Hurricanes that Disappear

When you travel, weather is always a concern, but sometimes the results of weathermen are amazing. The location I’m visiting is Shenandoah National Park, and we planned to stay through a weekend. I obtained reservations for Wednesday and Thursday nights at Loft Mountain Campground, the more southern large campground in the park, and I had a spot at Big Meadows for Friday evening, but I needed one in Big Meadow for Saturday and Sunday nights. I checked the reservations for the park online for Big Meadows, and there were no reservable spots. It looked like all of the Washington DC metro area was heading to the mountains before the Labor Day weekend.

There are a number of first come, first served sites that should be available at Big Meadows for the days I needed on Saturday morning but I’ve played that scrum too many times. I decided that we would give up a night at Loft Mountain, cancel our reservation at Big Meadows, and get a first come first served site for the four days at Big Meadows, before everyone showed up for the weekend. We did that, and secured a reservation for all the time we needed. What I didn’t count on was Hurricane Laura.

Friday morning the ocean of tent campers surrounding us receded, and everyone left. I figured that the weekend crowd would appear later in the afternoon. Listening to the weather forecasters, it sounded that the apocalypse was going to descend on the Blue Ridge Mountains. The forecast was for high winds, torrential downpours, the end of the world as we know it. The end was to arrive on Saturday afternoon. Friday evening was cloudy and the clouds intensified as the evening arrived. We returned to camp after a wonderful time at a vineyard. The mountain was in the clouds, so finding camp was a challenge. You have to see the road, in order to be able to drive on it.

We finally got to camp, leveled, and as I extended the slide, a thunderstorm rolled in. It was a dandy thunderstorm. Lightning rippled overhead at the beginning, and then ground strikes occurred just far enough away to be impressive, but not of a concern. The wind picked up to about 20 miles per hour, and the showers went from a drizzle to an intense, we can’t see anything downpour.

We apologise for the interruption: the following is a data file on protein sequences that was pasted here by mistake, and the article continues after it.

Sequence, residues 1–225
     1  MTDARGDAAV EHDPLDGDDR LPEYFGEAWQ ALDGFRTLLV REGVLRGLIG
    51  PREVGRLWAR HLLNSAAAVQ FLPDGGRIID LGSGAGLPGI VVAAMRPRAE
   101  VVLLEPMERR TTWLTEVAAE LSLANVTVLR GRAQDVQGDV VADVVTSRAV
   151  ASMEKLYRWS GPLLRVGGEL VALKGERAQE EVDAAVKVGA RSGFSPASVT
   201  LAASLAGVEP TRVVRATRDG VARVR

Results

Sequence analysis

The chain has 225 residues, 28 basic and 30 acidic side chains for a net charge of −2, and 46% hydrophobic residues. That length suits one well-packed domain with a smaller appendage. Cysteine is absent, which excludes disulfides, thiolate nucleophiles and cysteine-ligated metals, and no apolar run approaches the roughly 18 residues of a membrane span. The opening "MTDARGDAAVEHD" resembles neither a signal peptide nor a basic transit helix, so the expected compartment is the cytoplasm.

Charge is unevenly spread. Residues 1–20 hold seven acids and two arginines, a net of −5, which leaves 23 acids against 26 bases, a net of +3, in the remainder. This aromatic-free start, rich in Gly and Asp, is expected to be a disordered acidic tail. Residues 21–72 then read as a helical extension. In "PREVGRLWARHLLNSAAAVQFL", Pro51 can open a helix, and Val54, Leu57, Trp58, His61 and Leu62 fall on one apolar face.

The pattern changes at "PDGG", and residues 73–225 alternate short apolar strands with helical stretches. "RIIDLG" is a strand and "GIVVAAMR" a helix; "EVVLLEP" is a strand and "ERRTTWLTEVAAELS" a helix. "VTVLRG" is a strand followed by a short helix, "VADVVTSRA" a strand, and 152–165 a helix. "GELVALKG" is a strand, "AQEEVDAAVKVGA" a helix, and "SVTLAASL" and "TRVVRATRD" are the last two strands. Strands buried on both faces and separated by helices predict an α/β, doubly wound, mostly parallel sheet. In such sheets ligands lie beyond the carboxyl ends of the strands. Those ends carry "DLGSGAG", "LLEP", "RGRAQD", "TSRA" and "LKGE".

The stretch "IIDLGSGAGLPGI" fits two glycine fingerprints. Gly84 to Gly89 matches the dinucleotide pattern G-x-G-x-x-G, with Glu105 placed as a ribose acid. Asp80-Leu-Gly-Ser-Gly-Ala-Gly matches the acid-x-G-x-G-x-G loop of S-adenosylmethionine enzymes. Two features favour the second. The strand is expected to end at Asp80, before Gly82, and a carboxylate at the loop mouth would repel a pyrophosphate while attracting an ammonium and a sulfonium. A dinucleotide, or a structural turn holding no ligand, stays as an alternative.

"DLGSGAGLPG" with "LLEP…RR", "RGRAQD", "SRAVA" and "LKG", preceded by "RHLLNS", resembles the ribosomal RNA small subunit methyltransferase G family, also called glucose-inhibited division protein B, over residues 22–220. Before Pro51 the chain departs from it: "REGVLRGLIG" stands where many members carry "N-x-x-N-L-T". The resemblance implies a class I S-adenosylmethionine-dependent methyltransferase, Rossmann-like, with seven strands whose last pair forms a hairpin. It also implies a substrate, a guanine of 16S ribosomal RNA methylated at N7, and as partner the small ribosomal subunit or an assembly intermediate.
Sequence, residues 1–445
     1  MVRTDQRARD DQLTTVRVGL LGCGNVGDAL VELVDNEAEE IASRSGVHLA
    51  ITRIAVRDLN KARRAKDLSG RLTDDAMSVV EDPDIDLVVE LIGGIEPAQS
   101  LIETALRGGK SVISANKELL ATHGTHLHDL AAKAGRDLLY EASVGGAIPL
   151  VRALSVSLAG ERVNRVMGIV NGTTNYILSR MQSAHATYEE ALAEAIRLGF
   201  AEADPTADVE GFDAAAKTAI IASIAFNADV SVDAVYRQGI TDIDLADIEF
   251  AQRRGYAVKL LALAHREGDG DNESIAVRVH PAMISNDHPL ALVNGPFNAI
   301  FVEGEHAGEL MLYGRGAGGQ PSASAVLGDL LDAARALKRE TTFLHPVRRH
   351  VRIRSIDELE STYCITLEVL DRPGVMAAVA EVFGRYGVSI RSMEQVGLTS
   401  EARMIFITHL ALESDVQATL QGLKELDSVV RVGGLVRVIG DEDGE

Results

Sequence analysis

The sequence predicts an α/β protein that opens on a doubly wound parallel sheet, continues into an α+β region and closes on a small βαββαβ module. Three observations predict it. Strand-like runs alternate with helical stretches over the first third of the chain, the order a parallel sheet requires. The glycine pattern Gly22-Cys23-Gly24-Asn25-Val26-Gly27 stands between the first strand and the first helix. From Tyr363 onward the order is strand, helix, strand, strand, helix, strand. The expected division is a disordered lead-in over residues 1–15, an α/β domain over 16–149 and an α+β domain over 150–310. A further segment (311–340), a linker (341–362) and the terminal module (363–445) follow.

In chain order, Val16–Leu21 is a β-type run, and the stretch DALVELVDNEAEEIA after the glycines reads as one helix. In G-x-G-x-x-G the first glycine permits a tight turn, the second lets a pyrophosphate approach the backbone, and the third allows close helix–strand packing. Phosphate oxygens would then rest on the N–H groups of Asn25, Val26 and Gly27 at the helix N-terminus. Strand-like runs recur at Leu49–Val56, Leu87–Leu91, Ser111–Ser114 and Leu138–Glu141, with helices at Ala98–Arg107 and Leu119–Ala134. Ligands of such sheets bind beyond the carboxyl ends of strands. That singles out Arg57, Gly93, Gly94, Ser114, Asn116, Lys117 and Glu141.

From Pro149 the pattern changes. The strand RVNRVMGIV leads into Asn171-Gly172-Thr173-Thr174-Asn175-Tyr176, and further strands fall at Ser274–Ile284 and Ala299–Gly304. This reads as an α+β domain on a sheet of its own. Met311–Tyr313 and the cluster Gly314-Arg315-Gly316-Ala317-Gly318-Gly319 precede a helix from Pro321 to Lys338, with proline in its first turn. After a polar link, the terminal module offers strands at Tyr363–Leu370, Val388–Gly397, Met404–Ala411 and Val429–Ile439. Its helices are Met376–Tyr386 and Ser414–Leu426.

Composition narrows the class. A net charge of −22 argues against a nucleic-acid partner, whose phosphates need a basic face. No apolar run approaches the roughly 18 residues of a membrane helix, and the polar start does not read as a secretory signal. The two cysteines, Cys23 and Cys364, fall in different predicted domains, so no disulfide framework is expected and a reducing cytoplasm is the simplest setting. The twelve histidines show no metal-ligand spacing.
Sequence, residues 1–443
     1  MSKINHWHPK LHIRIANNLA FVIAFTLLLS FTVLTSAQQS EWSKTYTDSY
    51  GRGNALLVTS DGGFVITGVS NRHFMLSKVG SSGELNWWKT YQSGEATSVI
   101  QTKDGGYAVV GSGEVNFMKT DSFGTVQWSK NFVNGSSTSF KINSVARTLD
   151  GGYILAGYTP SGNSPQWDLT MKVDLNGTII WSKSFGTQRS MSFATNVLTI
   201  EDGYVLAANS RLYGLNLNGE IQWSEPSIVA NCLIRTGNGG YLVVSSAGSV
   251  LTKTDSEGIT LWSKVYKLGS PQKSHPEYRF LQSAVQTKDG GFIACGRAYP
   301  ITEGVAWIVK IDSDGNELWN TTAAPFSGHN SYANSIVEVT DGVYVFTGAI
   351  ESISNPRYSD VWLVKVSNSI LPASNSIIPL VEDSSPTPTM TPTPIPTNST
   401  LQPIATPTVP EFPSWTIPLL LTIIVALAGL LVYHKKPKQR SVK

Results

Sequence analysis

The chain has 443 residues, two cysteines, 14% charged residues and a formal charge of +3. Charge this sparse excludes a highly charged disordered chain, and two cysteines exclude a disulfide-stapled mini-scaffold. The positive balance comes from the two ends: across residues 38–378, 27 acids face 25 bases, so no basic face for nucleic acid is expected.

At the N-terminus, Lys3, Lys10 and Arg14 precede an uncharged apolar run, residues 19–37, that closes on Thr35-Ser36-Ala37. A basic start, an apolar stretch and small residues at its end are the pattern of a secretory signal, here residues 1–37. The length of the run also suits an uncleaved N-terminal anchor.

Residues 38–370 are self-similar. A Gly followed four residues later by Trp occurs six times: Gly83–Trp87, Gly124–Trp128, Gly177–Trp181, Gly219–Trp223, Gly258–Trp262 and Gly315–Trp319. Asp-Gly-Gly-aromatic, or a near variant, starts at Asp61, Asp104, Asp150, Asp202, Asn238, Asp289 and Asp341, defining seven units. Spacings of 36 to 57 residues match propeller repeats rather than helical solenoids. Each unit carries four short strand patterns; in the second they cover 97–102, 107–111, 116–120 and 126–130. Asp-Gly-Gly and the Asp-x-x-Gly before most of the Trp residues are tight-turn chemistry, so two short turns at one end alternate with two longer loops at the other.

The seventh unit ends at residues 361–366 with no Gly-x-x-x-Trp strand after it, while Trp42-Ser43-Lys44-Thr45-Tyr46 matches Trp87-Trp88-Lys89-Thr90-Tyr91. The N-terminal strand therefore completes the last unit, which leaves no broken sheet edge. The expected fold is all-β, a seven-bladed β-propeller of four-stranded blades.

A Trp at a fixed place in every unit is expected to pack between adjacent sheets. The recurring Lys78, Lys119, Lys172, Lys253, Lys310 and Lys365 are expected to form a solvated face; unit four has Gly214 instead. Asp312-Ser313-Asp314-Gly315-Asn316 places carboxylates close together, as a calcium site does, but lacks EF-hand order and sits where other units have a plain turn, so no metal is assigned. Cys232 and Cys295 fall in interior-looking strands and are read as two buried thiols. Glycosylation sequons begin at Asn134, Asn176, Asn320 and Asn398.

We were nice and dry in the motorhome, I have lights, a gas stove, refrigerator, libations, and food. The tent campers that surrounded us did not. Our site is on a hill, and several streams appeared and ran through the site. The fellow downhill of us was in a moderate sized tent. He placed the family in the car, broke camp in a drizzle, and left around midnight, while I was falling asleep in my warm bed. I tent camped for many years, and have awoken up to a river running though the tent on a number of occasions. Tent camping is fun, but that day has passed, except for special occasions. I felt for the fellow in the tent; he endured the worst of the storm.

When we woke up on Saturday morning, it was a little overcast, and we tried to determine when the hurricane would arrive. Nothing on the TV, nothing on the internet. It was as if “Laura? A hurricane? What hurricane?” had occurred. The campground was empty of people, and it wasn’t until late afternoon that people started to partially fill up the place. As the day progressed, the clouds cleared, patches of blue skies surrendered to all blue skies and a sunny day. We didn’t schedule anything, due to the storm, so Mary Ellen conducted business, I organized things that had needed organization for months, and made repairs to things that have been on my list for far too long. We took a walk, relaxed, made plans for Sunday, and talked and enjoyed the day.

It’s a shame that people’s plans were ruined by the anticipated weather, that really wasn’t that bad, but we enjoyed the weather and the campground. I suppose in life, that some days you have to be either the bug or the windshield. Today it was our turn to be the windshield. Tomorrow? Well, life is a balance.

1 thought on “Hurricanes that Disappear

Leave a Reply